Joye Brown has been a columnist for Newsday since 2006. She joined the newspaper in 1983 and has Show More
Suffolk County is looking at a projected budget deficit — again.
Yes, it’s smaller than the half-billion-dollar monster projected when County Executive Steve Bellone took office five years ago.
Still, the latest gap is troubling because the county, once again, is planning to borrow now to pay-back-more later to pull through.
Officials on Tuesday told a Suffolk legislative budget committee meeting that the county is facing a three-year, $186.3 million budget shortfall. It breaks down like this: $18.4 million in red ink from last year and projected gaps of $38.4 million in 2016 and as much as $129.4 million in 2017.
Bellone, upon taking office in 2012, put considerable attention on Suffolk’s budget gaps — which, back then, he projected to be $530 million by 2013. He declared a budget emergency and managed to quickly build support to attack the problem.
But a year into his second term, budget issues remain — although Connie Corso, Bellone’s budget director, said in an interview Wednesday that the administration is better positioned now than in 2012 to deal with it.
In February, Moody’s changed its outlook on the county to negative from stable, citing Suffolk’s nagging structural deficit. And last year, Standard & Poor’s lowered the county’s bond rating one notch, from A plus to A, citing the county’s failure to find more revenue or make cuts deep enough to close its structural gap — that is, the difference between expenses and revenues.
Part of the problem for Suffolk is lower-than-anticipated sales tax receipts, and a delay in the sale of the Foley nursing home. And then there also are some rising expenses, including police overtime, Robert Lipp, director of the county’s office of budget review, told lawmakers.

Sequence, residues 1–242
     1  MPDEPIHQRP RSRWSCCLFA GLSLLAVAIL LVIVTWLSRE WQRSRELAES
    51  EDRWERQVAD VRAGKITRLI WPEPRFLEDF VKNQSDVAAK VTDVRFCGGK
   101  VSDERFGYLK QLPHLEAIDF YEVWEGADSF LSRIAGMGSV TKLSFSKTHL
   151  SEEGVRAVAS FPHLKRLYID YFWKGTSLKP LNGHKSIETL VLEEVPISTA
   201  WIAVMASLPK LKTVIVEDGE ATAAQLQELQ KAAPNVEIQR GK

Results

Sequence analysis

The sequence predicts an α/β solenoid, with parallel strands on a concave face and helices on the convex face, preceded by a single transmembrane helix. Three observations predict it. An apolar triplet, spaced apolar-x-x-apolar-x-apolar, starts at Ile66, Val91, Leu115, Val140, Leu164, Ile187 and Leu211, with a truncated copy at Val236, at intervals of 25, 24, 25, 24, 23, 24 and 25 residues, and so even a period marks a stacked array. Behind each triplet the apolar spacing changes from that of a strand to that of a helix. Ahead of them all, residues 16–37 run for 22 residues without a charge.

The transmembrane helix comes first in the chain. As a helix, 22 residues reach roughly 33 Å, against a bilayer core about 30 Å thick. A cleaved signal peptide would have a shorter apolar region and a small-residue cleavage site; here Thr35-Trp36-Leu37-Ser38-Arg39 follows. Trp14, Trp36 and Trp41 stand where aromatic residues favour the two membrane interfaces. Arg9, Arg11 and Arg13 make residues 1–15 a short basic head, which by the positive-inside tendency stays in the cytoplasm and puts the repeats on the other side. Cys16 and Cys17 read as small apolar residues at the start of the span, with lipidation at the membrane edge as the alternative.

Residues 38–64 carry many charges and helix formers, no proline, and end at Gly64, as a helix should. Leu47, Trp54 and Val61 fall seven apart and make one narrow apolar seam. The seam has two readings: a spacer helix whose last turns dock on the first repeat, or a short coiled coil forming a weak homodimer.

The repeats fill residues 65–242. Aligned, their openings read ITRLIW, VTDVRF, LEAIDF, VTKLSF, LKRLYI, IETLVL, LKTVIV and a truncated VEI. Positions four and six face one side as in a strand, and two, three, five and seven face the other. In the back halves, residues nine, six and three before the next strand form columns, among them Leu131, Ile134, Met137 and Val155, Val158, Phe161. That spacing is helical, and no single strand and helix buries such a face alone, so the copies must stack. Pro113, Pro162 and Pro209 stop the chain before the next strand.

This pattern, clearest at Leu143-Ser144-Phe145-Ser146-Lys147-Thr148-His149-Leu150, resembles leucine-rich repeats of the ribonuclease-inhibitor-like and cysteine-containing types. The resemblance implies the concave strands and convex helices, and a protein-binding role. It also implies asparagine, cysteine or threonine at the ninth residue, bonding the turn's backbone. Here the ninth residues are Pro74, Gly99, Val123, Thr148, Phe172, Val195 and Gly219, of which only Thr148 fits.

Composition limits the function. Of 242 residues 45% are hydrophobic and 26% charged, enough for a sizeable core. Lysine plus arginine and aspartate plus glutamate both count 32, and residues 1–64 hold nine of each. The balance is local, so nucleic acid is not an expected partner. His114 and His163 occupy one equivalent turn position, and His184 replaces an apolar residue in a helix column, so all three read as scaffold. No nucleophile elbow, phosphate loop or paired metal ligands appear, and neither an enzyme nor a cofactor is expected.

The county is expected to continue borrowing to patch over the gap. In fact, much of the gulf budget officials reported on Tuesday could be bridged by borrowing as much as $34.2 million from the state pension fund to ease pension payments; and another $38.2 million from the county’s sewer tax stabilization fund to cover other shortfalls.
Corso said Wednesday that the county is relying less on such one-shot measures, such as borrowing; and more on recurring revenues, such as red light cameras and other fees. Still, the breakdown is about 36 percent one-time-only revenues to 64 percent recurring revenues — which leaves the county burning through more than a third of its revenues in one-shots.
Which means the fight for a structurally deficit-free budget goes on. “We are better positioned to deal with this,” Corso said.
How much better? The county first declared a state of fiscal emergency in 2012. And it continues today — with deficits projected through 2017.
Even as Bellone begins preparation for next year’s operating budget.